Stantec (TSE:STN) has had a rough three months with its share price down 7.5%. However, the company's fundamentals look pretty decent, and long-term financials are usually aligned with future market price movements. In this article, we decided to focus on Stantec's ROE.
Return on equity or ROE is an important factor to be considered by a shareholder because it tells them how effectively their capital is being reinvested. In short, ROE shows the profit each dollar generates with respect to its shareholder investments.
How Is ROE Calculated?
ROE can be calculated by using the formula:
Return on Equity = Net Profit (from continuing operations) ÷ Shareholders' Equity
So, based on the above formula, the ROE for Stantec is:
9.0% = CA$182m ÷ CA$2.0b (Based on the trailing twelve months to June 2020).
The 'return' is the profit over the last twelve months. That means that for every CA$1 worth of shareholders' equity, the company generated CA$0.09 in profit.
Why Is ROE Important For Earnings Growth?
Thus far, we have learned that ROE measures how efficiently a company is generating its profits. Depending on how much of these profits the company reinvests or "retains", and how effectively it does so, we are then able to assess a company’s earnings growth potential. Assuming everything else remains unchanged, the higher the ROE and profit retention, the higher the growth rate of a company compared to companies that don't necessarily bear these characteristics.
A Side By Side comparison of Stantec's Earnings Growth And 9.0% ROE
At first glance, Stantec's ROE doesn't look very promising. However, its ROE is similar to the industry average of 8.2%, so we won't completely dismiss the company. Having said that, Stantec has shown a modest net income growth of 6.6% over the past five years. Taking into consideration that the ROE is not particularly high, we reckon that there could also be other factors at play which could be influencing the company's growth. For example, it is possible that the company's management has made some good strategic decisions, or that the company has a low payout ratio.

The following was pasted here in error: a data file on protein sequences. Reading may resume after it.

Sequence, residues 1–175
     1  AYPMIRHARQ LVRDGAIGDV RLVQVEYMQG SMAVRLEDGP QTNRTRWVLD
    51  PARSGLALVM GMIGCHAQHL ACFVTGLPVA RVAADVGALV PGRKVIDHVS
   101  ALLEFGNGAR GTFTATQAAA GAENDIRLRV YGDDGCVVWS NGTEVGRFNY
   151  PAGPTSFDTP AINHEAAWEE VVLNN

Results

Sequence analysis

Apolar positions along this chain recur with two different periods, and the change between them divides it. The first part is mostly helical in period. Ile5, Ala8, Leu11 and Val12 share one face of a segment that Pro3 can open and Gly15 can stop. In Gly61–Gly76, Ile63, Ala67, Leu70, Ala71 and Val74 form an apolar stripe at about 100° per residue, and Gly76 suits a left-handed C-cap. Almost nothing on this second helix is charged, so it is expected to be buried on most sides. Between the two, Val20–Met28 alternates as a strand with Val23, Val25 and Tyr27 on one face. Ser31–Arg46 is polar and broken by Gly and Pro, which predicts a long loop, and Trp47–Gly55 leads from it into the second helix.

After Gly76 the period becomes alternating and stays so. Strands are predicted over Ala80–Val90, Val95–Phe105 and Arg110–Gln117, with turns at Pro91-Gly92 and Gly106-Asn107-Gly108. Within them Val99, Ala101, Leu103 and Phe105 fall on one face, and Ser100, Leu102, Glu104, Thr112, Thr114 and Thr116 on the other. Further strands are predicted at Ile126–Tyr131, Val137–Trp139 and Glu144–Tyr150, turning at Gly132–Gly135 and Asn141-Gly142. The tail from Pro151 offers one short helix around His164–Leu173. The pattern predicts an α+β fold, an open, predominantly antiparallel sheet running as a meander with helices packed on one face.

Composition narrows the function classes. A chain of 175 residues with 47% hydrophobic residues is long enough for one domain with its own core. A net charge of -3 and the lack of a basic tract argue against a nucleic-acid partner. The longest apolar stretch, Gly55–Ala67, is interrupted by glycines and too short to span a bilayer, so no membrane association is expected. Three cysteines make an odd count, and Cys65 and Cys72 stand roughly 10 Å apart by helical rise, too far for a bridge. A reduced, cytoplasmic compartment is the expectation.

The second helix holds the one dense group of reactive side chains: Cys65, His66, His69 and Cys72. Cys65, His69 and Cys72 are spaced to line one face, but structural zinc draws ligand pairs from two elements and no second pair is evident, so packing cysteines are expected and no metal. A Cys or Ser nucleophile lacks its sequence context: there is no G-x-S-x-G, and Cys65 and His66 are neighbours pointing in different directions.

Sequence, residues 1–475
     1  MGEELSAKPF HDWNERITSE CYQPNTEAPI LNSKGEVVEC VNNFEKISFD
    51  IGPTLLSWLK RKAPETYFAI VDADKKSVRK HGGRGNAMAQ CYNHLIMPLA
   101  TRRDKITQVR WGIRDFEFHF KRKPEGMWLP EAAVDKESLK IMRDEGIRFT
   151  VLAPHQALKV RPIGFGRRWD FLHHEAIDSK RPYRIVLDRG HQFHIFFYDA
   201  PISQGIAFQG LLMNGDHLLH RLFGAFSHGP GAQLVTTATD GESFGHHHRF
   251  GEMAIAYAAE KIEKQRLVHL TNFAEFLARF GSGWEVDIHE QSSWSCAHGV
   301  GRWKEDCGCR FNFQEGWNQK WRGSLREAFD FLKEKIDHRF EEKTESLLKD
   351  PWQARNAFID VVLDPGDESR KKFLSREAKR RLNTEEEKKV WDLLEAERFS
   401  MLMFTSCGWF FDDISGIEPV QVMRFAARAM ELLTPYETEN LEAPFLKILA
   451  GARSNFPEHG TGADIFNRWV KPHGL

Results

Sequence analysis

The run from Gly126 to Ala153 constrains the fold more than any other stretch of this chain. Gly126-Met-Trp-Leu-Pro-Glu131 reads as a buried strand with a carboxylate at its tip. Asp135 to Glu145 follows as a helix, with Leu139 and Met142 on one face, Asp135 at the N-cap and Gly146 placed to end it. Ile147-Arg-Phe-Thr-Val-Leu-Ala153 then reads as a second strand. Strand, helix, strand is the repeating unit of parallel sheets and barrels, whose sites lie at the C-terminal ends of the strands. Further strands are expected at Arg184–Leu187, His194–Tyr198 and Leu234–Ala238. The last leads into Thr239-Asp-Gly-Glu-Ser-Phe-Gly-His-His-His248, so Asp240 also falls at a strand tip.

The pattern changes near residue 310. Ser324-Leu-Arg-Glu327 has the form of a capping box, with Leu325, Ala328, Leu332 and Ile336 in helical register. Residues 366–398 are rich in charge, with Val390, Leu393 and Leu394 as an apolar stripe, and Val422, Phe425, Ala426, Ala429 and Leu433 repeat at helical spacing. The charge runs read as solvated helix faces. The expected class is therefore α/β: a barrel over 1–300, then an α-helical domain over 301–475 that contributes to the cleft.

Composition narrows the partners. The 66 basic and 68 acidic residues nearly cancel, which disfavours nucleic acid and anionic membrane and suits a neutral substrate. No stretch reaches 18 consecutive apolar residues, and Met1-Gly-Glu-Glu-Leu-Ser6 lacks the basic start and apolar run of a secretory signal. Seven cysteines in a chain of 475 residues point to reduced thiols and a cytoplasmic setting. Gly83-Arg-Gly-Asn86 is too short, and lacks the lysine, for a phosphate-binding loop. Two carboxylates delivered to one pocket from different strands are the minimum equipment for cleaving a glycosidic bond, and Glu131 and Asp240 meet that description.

As a next step, we compared Stantec's net income growth with the industry and were disappointed to see that the company's growth is lower than the industry average growth of 8.8% in the same period.
The basis for attaching value to a company is, to a great extent, tied to its earnings growth. The investor should try to establish if the expected growth or decline in earnings, whichever the case may be, is priced in. Doing so will help them establish if the stock's future looks promising or ominous. Is Stantec fairly valued compared to other companies? These 3 valuation measures might help you decide.
Is Stantec Using Its Retained Earnings Effectively?
With a three-year median payout ratio of 37% (implying that the company retains 63% of its profits), it seems that Stantec is reinvesting efficiently in a way that it sees respectable amount growth in its earnings and pays a dividend that's well covered.
Additionally, Stantec has paid dividends over a period of nine years which means that the company is pretty serious about sharing its profits with shareholders.
In total, it does look like Stantec has some positive aspects to its business. That is, a decent growth in earnings backed by a high rate of reinvestment. However, we do feel that that earnings growth could have been higher if the business were to improve on the low ROE rate. Especially given how the company is reinvesting a huge chunk of its profits. With that said, the latest industry analyst forecasts reveal that the company's earnings are expected to accelerate. To know more about the latest analysts predictions for the company, check out this visualization of analyst forecasts for the company.
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This article by Simply Wall St is general in nature. It does not constitute a recommendation to buy or sell any stock, and does not take account of your objectives, or your financial situation. We aim to bring you long-term focused analysis driven by fundamental data. Note that our analysis may not factor in the latest price-sensitive company announcements or qualitative material. Simply Wall St has no position in any stocks mentioned.
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